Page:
Saturday 2nd - Woke up at 10am, had bacon & eggs for breakfast. Perfect day again. Between roads Mr Murray took me up to Lairg in cart had a couple at the Sutherland Arms Hotel. Had dinner and caught the Scourie bus outside the P.O. Had a beer at the Querscaig Inn. Passed Ben Stack, Ben Arkle, Laxford on to Scourie. Travelled with an Alastair Munro from Tarbut (sailor). Met Neil McLeod had a couple at the Scourie Hotel. Met his sister Agnes (feed) and his father & mother. Met Mr & Mrs McLeod (Simons parents) at their house. Went to Neil’s place at Badcall. Have to see Hugh Fraser tomorrow. Had a look at the peat-cutting bogs. Saw several deer on the way up. The roads are good to Laxford, bitumen nearly all the way. An old chap from Lairg, Charlie Morrison, was going up there to take the church service. The houses are all stone, about 2ft thick walls.
Sunday 3rd - Had breakfast in bed (bacon & eggs) got up about 12. Had a look through the disused canning factory near Neil’s place. Went up in the afternoon to see Hugh Fraser, and got all the family history. Saw the powder-horn used by Simon Fraser in 1724. Went home about 9.30pm. Daylight up here until about 11.30pm.
Monday 4th - Left Neil’s place at 8am for Lairg. Had a good trip down. Passed lots of deer quite close to the bus (20 yds away). Arrived Lairg at 10.30am. Mr Murray met me with the cart. Had lunch at his place and then caught the 12.15 to Inverness. He promised to send out some heather to N.Z. Arrived at Inverness at 2.45 PM and changed for Aberdeen. Left Inverness at 3.30pm. Passed good farming country all the way down. Arrived Aberdeen 7.30PM and stayed at the Bridge Hotel. Mr Noble had arranged accommodation for me, but he is out. Slept well (as usual)
And so Tom returned to the south of England and went on flight training.
While with the Operational Training Unit, on the night of 10th September,1942, Sergeant Munro took part in a bombing attack on Bremen. The aircraft crashed near Halesworth, Suffolk, all its crew being killed. At the time the Group Captain of the RAF Station Bassingbourne, Royston, Herts wrote to Tom's mother as follows:
"Tom was pilot of an aircraft which took part in air operations against Germany that night (10 September 1942). There was no information as to what happened between the time they left here at 9pm and the terrible news of their crash at 11.50pm near the village of Chedirton, Suffolk. It can only be surmised that they encountered the enemy on their outward journey and were forced to return and crashed soon after crossing the Suffolk coast". He was buried with full military honours on the 15th September 1942 in Ipswich Borough Cemetery, Ipswich, Sect. C, Division 31. Space 35". The crew of the aircraft contained one other New Zealander, Sergeant J.T.Stanley, No 41553, of Christchurch who was navigator and is buried alongside Tom. Tom had 308 hours as a pilot.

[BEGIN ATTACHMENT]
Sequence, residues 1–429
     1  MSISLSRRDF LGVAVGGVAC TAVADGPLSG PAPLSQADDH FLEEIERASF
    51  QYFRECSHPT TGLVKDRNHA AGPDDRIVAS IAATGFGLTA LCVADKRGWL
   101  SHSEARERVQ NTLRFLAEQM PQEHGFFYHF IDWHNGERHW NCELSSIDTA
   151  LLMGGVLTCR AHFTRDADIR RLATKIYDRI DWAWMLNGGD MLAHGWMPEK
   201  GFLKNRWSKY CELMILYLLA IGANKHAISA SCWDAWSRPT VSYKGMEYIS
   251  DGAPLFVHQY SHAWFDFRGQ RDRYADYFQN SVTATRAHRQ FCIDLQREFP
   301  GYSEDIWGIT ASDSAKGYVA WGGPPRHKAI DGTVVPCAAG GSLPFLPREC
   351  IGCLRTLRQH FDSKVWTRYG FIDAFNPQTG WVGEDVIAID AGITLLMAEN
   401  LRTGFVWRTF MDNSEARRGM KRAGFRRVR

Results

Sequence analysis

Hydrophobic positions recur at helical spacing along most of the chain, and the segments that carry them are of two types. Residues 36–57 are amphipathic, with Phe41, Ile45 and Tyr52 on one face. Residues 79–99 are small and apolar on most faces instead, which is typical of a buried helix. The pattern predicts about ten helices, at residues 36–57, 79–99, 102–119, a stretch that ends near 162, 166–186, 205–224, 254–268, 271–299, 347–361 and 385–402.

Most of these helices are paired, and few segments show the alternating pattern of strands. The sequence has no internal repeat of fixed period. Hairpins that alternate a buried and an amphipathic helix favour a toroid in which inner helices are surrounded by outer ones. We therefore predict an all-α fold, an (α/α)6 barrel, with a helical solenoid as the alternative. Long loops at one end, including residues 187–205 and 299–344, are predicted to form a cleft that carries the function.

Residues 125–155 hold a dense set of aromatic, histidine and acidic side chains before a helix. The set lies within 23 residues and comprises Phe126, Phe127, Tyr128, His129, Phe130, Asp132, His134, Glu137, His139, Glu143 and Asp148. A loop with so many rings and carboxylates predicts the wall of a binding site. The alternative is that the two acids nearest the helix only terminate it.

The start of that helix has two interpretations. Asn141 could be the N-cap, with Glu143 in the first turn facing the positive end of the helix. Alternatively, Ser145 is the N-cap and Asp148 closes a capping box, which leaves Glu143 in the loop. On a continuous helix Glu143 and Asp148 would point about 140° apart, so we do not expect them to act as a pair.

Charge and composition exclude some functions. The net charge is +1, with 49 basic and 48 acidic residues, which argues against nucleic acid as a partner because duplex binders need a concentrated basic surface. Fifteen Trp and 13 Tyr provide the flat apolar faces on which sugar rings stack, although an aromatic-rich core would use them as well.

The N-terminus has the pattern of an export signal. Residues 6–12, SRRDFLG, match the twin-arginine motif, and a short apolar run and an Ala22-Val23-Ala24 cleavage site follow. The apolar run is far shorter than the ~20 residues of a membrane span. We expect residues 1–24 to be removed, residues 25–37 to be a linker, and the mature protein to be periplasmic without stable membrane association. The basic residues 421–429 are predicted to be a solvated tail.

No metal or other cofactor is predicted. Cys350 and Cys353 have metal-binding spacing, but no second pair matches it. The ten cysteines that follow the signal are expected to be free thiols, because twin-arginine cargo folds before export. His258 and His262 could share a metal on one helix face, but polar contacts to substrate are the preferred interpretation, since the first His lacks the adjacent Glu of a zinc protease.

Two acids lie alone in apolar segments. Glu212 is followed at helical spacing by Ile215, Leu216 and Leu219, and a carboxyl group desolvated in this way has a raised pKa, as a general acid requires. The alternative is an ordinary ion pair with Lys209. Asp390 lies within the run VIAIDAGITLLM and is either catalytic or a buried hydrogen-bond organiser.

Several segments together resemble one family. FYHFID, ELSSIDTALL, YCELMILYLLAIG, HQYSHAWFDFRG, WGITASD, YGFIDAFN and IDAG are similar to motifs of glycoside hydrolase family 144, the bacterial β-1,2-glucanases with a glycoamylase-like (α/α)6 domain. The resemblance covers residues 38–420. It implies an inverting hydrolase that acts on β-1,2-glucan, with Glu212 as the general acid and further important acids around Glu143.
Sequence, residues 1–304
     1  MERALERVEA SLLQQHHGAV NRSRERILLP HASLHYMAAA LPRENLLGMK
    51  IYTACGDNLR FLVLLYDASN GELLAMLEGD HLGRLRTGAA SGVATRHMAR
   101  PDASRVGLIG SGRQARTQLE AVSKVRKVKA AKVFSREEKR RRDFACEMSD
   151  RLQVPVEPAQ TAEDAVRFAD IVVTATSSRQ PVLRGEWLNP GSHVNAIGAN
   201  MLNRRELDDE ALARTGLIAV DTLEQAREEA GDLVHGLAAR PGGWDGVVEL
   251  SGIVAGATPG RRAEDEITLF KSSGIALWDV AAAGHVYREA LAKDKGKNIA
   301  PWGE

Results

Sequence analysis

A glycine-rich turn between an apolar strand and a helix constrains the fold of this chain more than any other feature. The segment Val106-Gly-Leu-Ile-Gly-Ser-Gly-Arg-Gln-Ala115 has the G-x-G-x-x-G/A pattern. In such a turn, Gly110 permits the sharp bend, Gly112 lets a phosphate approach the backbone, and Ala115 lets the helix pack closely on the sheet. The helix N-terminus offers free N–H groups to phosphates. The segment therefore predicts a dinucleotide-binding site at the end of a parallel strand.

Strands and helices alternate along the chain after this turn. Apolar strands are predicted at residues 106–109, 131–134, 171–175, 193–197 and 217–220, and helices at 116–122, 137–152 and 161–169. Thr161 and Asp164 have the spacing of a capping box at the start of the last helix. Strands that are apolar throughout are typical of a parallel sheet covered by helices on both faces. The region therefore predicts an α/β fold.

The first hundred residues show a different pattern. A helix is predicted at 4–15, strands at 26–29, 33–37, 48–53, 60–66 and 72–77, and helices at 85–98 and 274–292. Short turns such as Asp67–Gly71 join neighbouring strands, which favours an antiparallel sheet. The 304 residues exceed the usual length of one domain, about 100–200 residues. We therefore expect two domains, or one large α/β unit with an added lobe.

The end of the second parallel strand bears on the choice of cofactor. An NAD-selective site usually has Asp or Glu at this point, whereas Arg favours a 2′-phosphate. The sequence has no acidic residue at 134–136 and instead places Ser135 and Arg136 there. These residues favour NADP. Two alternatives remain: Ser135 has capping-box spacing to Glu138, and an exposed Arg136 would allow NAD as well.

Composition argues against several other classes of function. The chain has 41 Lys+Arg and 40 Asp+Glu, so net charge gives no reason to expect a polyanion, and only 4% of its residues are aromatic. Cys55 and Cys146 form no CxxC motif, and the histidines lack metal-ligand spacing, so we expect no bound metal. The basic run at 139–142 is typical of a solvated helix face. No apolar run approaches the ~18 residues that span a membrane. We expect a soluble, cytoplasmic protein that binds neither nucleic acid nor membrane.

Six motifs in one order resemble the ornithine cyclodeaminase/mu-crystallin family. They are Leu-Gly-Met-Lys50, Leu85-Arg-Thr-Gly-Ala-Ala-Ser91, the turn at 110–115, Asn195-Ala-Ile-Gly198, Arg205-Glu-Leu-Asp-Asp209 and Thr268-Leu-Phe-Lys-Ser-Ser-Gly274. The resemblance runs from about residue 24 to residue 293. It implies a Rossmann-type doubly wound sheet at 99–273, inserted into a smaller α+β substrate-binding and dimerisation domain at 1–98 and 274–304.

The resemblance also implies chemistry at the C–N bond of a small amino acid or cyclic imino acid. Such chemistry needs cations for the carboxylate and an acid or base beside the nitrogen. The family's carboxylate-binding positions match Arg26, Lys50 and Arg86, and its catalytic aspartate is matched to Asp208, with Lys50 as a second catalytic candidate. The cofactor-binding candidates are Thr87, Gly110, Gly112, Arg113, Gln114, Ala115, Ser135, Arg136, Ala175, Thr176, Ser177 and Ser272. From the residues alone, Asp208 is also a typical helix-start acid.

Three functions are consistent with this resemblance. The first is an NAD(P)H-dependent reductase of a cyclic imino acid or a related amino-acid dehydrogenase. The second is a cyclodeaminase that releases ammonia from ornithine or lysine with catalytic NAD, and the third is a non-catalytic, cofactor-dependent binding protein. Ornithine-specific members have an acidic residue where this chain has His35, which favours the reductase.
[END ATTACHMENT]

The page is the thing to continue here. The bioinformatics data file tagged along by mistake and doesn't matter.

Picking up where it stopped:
Halesworth is 40 KM north of Ipswich and it is assumed Chedirton was a village near there.
Tom qualified for:
The 1939-45 Star, The Aircrew Europe Star and The Defence Medal
Tom's name is recorded in the Roll of Honour, in the Scottish National War Memorial at Edinburgh Castle. The West Wall of the National War memorial is devoted to the Flying Services.
The inscription reads
I bare you on eagles' wings and brought you unto myself
(Exodus, xix 4)
below the badge of the Royal Air Force it reads....
In memory of Scots of all ranks of the Royal Naval Air Service,
Royal Flying Corps, Royal Air Force and of those air forces
from every part of the British Empire who gave their lives
in winning victory for their King and Country
In a book in memory of Scots of all ranks, there is the following entry
MUNRO, Thomas Fraser, 415005, Sgt. b Edinburgh,
United Kingdom.10/09/42. 11 OTU
Tom was a champion piper, along with his father George Munro winning many awards. Tom's bagpipes were his father George's. He played them in the Black Watch in South Africa and Scotland. They were Henderson bagpipes made of African Blackwood mounted with silver in South Africa for 22 Pounds when he bought them. Tom's son George played the same bagpipes at St. Andrews College in Christchurch and in the Temuka Pipe Band, in South Canterbury.
Sadly Tom's brother, Iain, who was born in New Zealand, also lost his life in the same war. Two sons left for war - none returned.
Many thanks to George and Ann Munro, New Zealand for allowing us all to read the above diary.